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Do dysfunctional posttraumatic cognitions play a mediating role in trauma adjustment? Findings from interpersonal and accidental trauma samples of children and adolescents


de Haan, Anke; Tutus, Dunja; Goldbeck, Lutz; Rosner, Rita; Landolt, Markus A (2019). Do dysfunctional posttraumatic cognitions play a mediating role in trauma adjustment? Findings from interpersonal and accidental trauma samples of children and adolescents. European Journal of Psychotraumatology, 10(1):1596508.

Abstract

: Trauma adjustment varies in children and adolescents. Studies on objective risk factors of posttraumatic stress symptoms (PTSS) yielded inconsistent results. Dysfunctional posttraumatic cognitions (PTCs) might play a mediating role between risk factors and posttraumatic symptomatology. : To investigate the interplay of the characteristics of the trauma (e.g. trauma type), the characteristics of the individual (e.g. age, sex), and the characteristics of the social environment (e.g. parental distress, marital status) on PTSS and depression, taking the child's dysfunctional PTCs into account as a possible mediator. : Structural equation modelling was used to better understand trauma adjustment in two heterogeneous samples of children and adolescents: a sample of 114 participants aged 7-16 after accidental trauma and a sample of 113 participants aged 6-17 after interpersonal trauma. : In the accidental trauma sample, dysfunctional PTCs mediated the positive associations of younger age and lower parental educational level on child PTSS, but not on depression. In the interpersonal trauma sample, being female positively predicted child depression. Furthermore, parental dysfunctional PTCs positively predicted both child PTSS and depression. No mediation effect of child dysfunctional PTCs was found in the interpersonal trauma sample. Child dysfunctional PTCs moderately to strongly predicted child PTSS and depression in both trauma samples. : The impact of the characteristics of the individual and the characteristics of the social environment on child PTSS and depression might depend on the type of trauma experienced. Dysfunctional PTCs mediated between the characteristics of the individual and the characteristics of the social environment and the severity of PTSS in the aftermath of accidental trauma, but not of interpersonal trauma.

Abstract

: Trauma adjustment varies in children and adolescents. Studies on objective risk factors of posttraumatic stress symptoms (PTSS) yielded inconsistent results. Dysfunctional posttraumatic cognitions (PTCs) might play a mediating role between risk factors and posttraumatic symptomatology. : To investigate the interplay of the characteristics of the trauma (e.g. trauma type), the characteristics of the individual (e.g. age, sex), and the characteristics of the social environment (e.g. parental distress, marital status) on PTSS and depression, taking the child's dysfunctional PTCs into account as a possible mediator. : Structural equation modelling was used to better understand trauma adjustment in two heterogeneous samples of children and adolescents: a sample of 114 participants aged 7-16 after accidental trauma and a sample of 113 participants aged 6-17 after interpersonal trauma. : In the accidental trauma sample, dysfunctional PTCs mediated the positive associations of younger age and lower parental educational level on child PTSS, but not on depression. In the interpersonal trauma sample, being female positively predicted child depression. Furthermore, parental dysfunctional PTCs positively predicted both child PTSS and depression. No mediation effect of child dysfunctional PTCs was found in the interpersonal trauma sample. Child dysfunctional PTCs moderately to strongly predicted child PTSS and depression in both trauma samples. : The impact of the characteristics of the individual and the characteristics of the social environment on child PTSS and depression might depend on the type of trauma experienced. Dysfunctional PTCs mediated between the characteristics of the individual and the characteristics of the social environment and the severity of PTSS in the aftermath of accidental trauma, but not of interpersonal trauma.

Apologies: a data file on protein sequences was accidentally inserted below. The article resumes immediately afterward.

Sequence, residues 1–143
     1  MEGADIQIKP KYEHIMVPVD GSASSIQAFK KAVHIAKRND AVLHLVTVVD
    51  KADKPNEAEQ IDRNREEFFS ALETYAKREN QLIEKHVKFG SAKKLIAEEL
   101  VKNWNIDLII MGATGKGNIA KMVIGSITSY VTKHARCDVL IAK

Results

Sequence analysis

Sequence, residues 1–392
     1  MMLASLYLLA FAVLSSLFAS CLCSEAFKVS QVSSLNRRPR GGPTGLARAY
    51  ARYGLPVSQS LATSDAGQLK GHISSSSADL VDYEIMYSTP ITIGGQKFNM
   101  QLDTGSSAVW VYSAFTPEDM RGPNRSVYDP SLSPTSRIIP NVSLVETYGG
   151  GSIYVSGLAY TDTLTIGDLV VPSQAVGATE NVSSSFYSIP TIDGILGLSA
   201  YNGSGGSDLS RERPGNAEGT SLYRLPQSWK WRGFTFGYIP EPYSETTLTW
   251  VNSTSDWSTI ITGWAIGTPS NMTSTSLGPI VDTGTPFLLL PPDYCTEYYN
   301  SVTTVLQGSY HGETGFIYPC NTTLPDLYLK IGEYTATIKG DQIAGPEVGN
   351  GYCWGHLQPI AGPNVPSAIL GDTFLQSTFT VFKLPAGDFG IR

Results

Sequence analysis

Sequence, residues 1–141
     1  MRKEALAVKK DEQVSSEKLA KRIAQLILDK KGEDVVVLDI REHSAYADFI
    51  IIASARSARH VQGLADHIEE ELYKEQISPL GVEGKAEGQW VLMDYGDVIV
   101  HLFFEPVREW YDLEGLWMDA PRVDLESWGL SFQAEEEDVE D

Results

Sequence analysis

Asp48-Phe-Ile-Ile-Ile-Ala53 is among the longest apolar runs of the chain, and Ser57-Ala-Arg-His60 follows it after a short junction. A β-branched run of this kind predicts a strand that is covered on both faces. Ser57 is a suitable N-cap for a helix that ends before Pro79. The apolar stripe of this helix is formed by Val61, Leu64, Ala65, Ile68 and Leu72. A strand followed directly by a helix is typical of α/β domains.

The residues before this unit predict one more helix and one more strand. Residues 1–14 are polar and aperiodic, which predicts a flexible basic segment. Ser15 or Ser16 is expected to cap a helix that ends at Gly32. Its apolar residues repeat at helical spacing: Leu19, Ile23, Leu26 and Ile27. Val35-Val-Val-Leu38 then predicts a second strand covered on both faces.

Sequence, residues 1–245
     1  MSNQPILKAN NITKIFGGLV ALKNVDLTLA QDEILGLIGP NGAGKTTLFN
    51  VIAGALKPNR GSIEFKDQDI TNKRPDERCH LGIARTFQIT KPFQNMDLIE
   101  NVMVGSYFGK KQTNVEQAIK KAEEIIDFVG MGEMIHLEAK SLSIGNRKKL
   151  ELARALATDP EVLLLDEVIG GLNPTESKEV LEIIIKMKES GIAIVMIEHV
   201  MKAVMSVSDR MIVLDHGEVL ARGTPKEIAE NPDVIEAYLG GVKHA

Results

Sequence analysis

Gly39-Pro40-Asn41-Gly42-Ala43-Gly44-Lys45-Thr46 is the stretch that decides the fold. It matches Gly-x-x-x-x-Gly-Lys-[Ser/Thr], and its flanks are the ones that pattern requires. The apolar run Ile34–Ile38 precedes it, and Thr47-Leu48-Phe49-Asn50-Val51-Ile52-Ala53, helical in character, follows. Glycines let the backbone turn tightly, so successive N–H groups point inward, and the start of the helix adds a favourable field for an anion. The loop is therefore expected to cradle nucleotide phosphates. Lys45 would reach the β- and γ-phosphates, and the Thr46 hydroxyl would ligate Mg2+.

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Additional indexing

Item Type:Journal Article, refereed, original work
Communities & Collections:04 Faculty of Medicine > University Children's Hospital Zurich > Medical Clinic
06 Faculty of Arts > Institute of Psychology
Dewey Decimal Classification:150 Psychology
Language:English
Date:2019
Deposited On:13 May 2019 14:16
Last Modified:17 Sep 2019 20:22
Publisher:Co-Action Publishing
ISSN:2000-8066
OA Status:Gold
Free access at:PubMed ID. An embargo period may apply.
Publisher DOI:https://doi.org/10.1080/20008198.2019.1596508
PubMed ID:31069022
Project Information:
  • : FunderSNSF
  • : Grant ID100019_162661
  • : Project TitleDysfunctional posttraumatic cognitions in children and adolescents
  • : FunderGerman Federal Ministry of Education and Research
  • : Grant ID01GY1141
  • : Project Title

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